advertisement
advertisement

This Is The Guy Who Keeps Nike In The Creative Spotlight

Greg Hoffman, Nike’s VP of global brand creative, on the parallels between sports and building positive buzz around a brand.

This Is The Guy Who Keeps Nike In The Creative Spotlight
Just for kicks: Greg Hoffman is taking Nike’s digital storytelling to new heights. [Photo: Amy Harrity]

From a hugely popular video series on the 2014 FIFA World Cup to elaborate interactive displays related to the 2015 NBA All-Star game, Greg Hoffman’s global team keeps Nike in the spotlight. And as his crew creates ads, store designs, promotions, and more, Hoffman says he approaches creativity like a team sport. Priorities and goals are what lead in his circle of creators–without those, he says his Nike team is just an “artist colony.” But how does he maintain a high-octane slate of creative projects without losing focus? (The “top” of his 22-year stint at Nike was an immersive LED basketball court outfitted with screaming fans and real defenders, allowing fans to literally feel what it’s like to be Michael Jordan.) Here’s what Hoffman had to say.

advertisement

Where or how do you seek out creative inspiration?

I pull a lot of inspiration from traveling around the world. One in particular is Brazil, where I’ve been going since 1997. Whether you’re talking architecture or furniture or digital, the design is modern but with a soul. Which mirrors Nike. I’ve been to Brasilia, the modernist mecca that [Oscar] Niemeyer designed. Talk about being representative of an incredible, bold, disruptive vision. It’s an entire city designed in exacting and uncompromising detail. It forces you to look at your own work and ask: Are we really pushing things as far as we can?

What’s the first thing you do when you wake up in the morning?

It starts the night before. I make sure I’m organized. It goes back to football–having 11 on the field. I happen to have 11 senior creative leaders for the 11 functions I manage. Everybody at all times knows what the top initiatives are. I want to know the top three they’re working on, and what’s on fire. I am a big believer in the operational side and how it can empower creativity. Without that, it becomes an artist colony.

What is one thing about your job that you think would surprise people?

I still draw. I’m known for drawing on yellow stickies and leaving them on desks and retail spaces. What’s the fastest way I can get the point across in a constructive way? Can I convey my direction without words? If I can, it’s like a scene in a movie where no one is speaking, but you feel the point of view. You’re talking about roughly 1,000 teammates I manage. How do you find time to dive into the creative process with those individuals? I feel you have to lead through demonstration.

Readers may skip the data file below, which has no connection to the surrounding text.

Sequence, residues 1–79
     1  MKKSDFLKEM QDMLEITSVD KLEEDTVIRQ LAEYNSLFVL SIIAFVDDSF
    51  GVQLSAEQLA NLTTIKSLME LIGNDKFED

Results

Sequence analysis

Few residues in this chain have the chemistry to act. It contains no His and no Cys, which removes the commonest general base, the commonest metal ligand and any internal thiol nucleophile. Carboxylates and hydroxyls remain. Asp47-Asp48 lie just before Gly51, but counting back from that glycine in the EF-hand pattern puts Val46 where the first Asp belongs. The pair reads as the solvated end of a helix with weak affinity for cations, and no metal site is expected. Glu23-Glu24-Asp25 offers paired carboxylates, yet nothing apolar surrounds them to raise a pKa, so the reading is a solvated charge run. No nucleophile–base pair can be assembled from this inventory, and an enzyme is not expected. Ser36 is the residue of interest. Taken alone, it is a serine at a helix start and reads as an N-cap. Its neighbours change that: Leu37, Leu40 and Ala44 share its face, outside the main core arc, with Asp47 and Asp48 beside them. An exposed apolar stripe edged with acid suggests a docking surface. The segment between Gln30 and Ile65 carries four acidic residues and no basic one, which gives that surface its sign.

advertisement

What’s your favorite Twitter or Instagram account and why?

I don’t like to use the word favorite. These are Instagram accounts that use the channel effectively:

@gopro: Great use of the medium by a brand through first-person views.

@1stdibs: As the mission states, it’s the world’s luxury marketplace for rare and desirable objects.

@mrporterlive: Best curation of multiple fashion brands. A trusted editor.

@nikelab: Iconic photography for modern sport. I’m biased, of course.

advertisement

What are some things you do to refresh your mind when you’re in a rut?

I think of ruts more in terms of the group, because that’s how we’re creating. I don’t want anyone to feel like they’re alone when they’re trying to crack the creative code. So how I deal with it is I bring everyone together. If you think of sports and any championship-level team, the only way to get out of a rut in one of those epic games is through teamwork. I want people to be extremely confident and supportive. That’s how you make connections you need to make in the creative process.

Click here for more insight from [i]Fast Company‘s 2015 Most Creative People in Business.[/i]

About the author

Chuck Salter is a senior editor at Fast Company and a longtime award-winning feature writer for the magazine. In addition to his print, online and video stories, he performs live reported narratives at various conferences, and he edited the Fast Company anthologies Breakthrough Leadership, Hacking Hollywood, and #Unplug.

More